prices, which skyrocketed in the first half of 2008 due to a
shortage, are easing due to increased production locally and the
fall in the rate of global food price increases. In a statement
issued September 30, the Central Bank said "Supported by continued
containment of demand pressures as well as improvements on the
supply side, inflation is expected to moderate further during the
months ahead." Whether that is true remains to be seen. Some
allege that the new CCPI index does not truly reflect inflation as
it removed an entire sub group (alcohol and tobacco) from review.
The government statistics office was also caught spreading some
price increases across more than one month.

8. (U) On September 30, the Central Bank relaxed its monetary
policy in response to the global financial crisis. The bank eased
conditions for financial institution access to Central Bank
financing in an effort to improve liquidity. As a result,
commercial bank and primary dealers' access to the Central Bank's
discount window increased to six times per year (vice three times
per year). The bank expects the move to contain volatility in
interest rates.

RUPEE STEADY AGAINST THE DOLLAR
BUT APPRECIATES ELSEWHERE
--------------------------------

9. (U) The Sri Lankan Rupee has been steady against the U.S. dollar
in 2008; it is currently trading around 108 against the dollar.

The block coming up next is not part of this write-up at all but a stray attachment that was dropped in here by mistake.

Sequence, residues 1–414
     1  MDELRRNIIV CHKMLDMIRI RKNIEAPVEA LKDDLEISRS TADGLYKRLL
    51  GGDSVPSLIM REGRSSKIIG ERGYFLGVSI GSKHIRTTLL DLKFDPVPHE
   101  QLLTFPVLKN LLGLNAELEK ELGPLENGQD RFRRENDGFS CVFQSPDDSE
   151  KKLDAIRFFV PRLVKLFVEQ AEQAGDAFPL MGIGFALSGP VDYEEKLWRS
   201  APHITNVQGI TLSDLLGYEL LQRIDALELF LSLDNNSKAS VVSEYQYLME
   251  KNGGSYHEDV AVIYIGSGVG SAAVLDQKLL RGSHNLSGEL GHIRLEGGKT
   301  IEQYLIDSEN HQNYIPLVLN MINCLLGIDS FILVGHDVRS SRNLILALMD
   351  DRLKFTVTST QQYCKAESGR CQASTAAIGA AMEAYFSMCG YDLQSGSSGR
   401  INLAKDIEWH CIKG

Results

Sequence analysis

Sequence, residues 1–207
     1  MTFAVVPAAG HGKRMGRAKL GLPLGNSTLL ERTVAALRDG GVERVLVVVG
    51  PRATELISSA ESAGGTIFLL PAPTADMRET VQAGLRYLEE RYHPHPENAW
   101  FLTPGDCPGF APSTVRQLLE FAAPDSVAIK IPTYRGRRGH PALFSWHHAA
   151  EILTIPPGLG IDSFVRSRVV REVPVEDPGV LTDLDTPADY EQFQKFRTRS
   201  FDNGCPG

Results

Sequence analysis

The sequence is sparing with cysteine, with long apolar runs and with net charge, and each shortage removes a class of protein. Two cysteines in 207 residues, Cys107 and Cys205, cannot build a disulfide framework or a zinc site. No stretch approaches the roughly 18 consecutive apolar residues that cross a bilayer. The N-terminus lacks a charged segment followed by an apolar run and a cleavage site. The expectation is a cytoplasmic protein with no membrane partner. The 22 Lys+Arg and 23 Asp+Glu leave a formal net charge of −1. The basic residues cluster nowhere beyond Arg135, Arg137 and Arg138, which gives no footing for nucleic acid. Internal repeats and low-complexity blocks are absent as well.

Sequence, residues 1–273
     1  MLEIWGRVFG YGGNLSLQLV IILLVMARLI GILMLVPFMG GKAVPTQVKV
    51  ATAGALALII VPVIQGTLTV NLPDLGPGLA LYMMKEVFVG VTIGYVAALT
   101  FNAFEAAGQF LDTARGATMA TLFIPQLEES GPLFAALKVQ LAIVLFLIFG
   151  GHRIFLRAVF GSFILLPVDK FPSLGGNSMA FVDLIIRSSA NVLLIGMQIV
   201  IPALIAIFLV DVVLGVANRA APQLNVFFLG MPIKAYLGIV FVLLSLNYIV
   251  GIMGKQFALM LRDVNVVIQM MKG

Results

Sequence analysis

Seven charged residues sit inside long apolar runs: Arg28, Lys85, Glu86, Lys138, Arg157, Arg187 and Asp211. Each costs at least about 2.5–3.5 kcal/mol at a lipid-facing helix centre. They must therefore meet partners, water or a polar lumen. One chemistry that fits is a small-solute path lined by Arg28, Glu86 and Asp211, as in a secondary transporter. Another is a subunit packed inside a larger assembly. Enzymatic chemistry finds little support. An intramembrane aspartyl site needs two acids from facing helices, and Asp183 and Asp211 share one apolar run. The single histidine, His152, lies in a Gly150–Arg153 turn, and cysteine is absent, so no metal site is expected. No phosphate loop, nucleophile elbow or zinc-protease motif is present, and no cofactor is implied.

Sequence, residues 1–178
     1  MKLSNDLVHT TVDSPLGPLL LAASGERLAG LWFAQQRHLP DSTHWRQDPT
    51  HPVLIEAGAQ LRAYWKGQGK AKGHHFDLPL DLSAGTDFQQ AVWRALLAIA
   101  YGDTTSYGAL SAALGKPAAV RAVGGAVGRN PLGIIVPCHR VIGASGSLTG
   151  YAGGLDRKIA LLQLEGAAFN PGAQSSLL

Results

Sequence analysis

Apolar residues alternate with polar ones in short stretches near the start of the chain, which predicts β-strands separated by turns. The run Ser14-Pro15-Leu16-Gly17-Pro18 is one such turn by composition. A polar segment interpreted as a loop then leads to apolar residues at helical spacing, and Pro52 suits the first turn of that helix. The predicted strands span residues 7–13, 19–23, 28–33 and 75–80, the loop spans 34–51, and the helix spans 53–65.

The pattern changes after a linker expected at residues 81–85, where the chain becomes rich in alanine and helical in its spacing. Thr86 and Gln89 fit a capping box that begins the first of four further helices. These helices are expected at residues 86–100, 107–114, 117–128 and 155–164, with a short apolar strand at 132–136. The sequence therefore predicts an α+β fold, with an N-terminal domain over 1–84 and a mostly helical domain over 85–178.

However, since January the rupee appreciated 9% against the
sterling, 4% against the Euro, and 15% against the Indian Rupee.
Exporters continue to complain about the rupee's appreciation amid
high inflation and the growing current account deficit. They blame
Central Bank intervention for the appreciation, as the Central Bank
increased short term foreign borrowing to shore up reserves. (Note:
The Bank also relaxed foreign investment in government bond
markets, and commercial banks are now permitted to accept deposits
from foreigners.) The Central Bank disagrees and maintains the
exchange rate is determined through market forces.

10. (U) The Bank, in particular the Governor, continues to urge
businesses to improve productivity to stay competitive rather than
counting on a depreciating currency. Reiterating the Central Bank's
exchange rate policy, the Governor recently stated that "Under the
floating rate regime, the Sri Lankan currency can no longer be
regarded as a steadily and continuously depreciating currency...The
stabilization of the SL rupee utmost underlines the need for the
export and import competing sectors to focus more on productivity
improvements and market access in order to maintain external
competitiveness. Instead of waiting for the exchange rate to